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Despite Conflict, Gas Prices Are Stable And Trending Downward

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There's conflict in the Iraq and other oil-producing regions. At the same time, U.S. demand for crude oil is at record highs.

That sounds like fuel for a run-up in gas prices. Yet they've been almost eerily stable; they're even falling somewhat in most places, and they've been on a downward trend for at least a month.

So with new U.S. military action in Iraq announced last week, why aren't pump prices skyrocketing, as they have in the past when conflict happens overseas?

Prices had hiked earlier this summer, as part of a seasonal rise, but also related to worry about potential issues affecting global crude-oil supply issues in Iraq. Recent U.S. involvement appears to have soothed concerns about that, according to these numbers, and to a wide range of recent political and market analyses.

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And according to a report released earlier this week from the U.S. Energy Information Administration (EIA), higher Libyan oil exports are contributing to the recent and significant five-dollar-a-barrel drop in the price of Brent crude oil (over June levels).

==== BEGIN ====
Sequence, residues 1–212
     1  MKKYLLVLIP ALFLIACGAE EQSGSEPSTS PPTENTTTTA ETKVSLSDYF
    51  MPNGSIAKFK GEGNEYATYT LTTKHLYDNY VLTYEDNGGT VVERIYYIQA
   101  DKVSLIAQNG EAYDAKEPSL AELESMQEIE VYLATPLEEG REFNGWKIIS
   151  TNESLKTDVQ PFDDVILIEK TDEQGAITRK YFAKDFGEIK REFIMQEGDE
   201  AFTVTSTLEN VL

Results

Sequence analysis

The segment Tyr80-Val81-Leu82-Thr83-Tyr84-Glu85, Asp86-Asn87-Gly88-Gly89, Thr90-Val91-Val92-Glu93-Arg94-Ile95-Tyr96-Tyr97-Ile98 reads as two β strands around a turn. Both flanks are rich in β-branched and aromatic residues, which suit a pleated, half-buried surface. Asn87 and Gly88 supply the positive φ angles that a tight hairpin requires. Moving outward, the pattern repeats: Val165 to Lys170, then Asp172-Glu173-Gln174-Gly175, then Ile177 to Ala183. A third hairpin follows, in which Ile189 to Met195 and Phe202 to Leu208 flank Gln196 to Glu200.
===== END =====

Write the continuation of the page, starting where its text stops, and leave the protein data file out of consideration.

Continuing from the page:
Pump prices trending downward

U.S. EIA short-term energy outlook (gas prices) - August 2014

U.S. EIA short-term energy outlook (gas prices) - August 2014

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Barring further geopolitical developments, we're looking at a period—short-term and long-term—in which gas prices are going to be remarkably stable; and they'll likely fall somewhat at the pump. The EIA projected a U.S. average price per gallon of just $3.30 in December. That's part of a seasonal dip, but it represents a significant drop from today's $3.61 average price.

Also, the EIA predicts an average pump price over 2014 of $3.50, dropping to $3.46 over 2015. That's also down from 2013's average of $3.51 per gallon.

Meanwhile, the stabilizing force of higher U.S. oil production can't be underestimated. At around 13.6 million barrels per day, it's up around 50 percent versus just five years ago; and total U.S. crude production is up a million barrels per day in just a year and presently at its highest level since 1987.

Will cheap gas renew interest in gas-guzzlers?

That could add up to a tough time for automakers and brands who are waiting for $6-a-gallon gas to make premium-priced hybrids and plug-ins more financially beneficial. 

Of course there is one other potential derailment to those trends—this one entirely within our nation's boundaries. As we've seen several times in recent years, U.S. prices are far more likely to spike, short term, as the result of refinery issues.

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